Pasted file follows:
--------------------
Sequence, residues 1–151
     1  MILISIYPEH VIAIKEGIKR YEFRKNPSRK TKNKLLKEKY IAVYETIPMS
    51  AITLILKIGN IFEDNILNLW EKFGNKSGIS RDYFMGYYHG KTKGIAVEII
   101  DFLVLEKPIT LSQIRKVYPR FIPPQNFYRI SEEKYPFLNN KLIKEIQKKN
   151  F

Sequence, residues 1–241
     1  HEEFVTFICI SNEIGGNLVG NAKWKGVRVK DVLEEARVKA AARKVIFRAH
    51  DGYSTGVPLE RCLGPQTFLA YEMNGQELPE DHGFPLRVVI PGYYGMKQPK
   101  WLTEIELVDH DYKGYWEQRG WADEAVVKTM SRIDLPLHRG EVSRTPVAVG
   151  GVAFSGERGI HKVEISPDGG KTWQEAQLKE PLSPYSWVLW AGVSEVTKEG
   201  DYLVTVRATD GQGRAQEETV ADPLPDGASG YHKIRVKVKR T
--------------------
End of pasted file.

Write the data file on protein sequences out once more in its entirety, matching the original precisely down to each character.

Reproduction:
Sequence, residues 1–151
     1  MILISIYPEH VIAIKEGIKR YEFRKNPSRK TKNKLLKEKY IAVYETIPMS
    51  AITLILKIGN IFEDNILNLW EKFGNKSGIS RDYFMGYYHG KTKGIAVEII
   101  DFLVLEKPIT LSQIRKVYPR FIPPQNFYRI SEEKYPFLNN KLIKEIQKKN
   151  F

Sequence, residues 1–241
     1  HEEFVTFICI SNEIGGNLVG NAKWKGVRVK DVLEEARVKA AARKVIFRAH
    51  DGYSTGVPLE RCLGPQTFLA YEMNGQELPE DHGFPLRVVI PGYYGMKQPK
   101  WLTEIELVDH DYKGYWEQRG WADEAVVKTM SRIDLPLHRG EVSRTPVAVG
   151  GVAFSGERGI HKVEISPDGG KTWQEAQLKE PLSPYSWVLW AGVSEVTKEG
   201  DYLVTVRATD GQGRAQEETV ADPLPDGASG YHKIRVKVKR T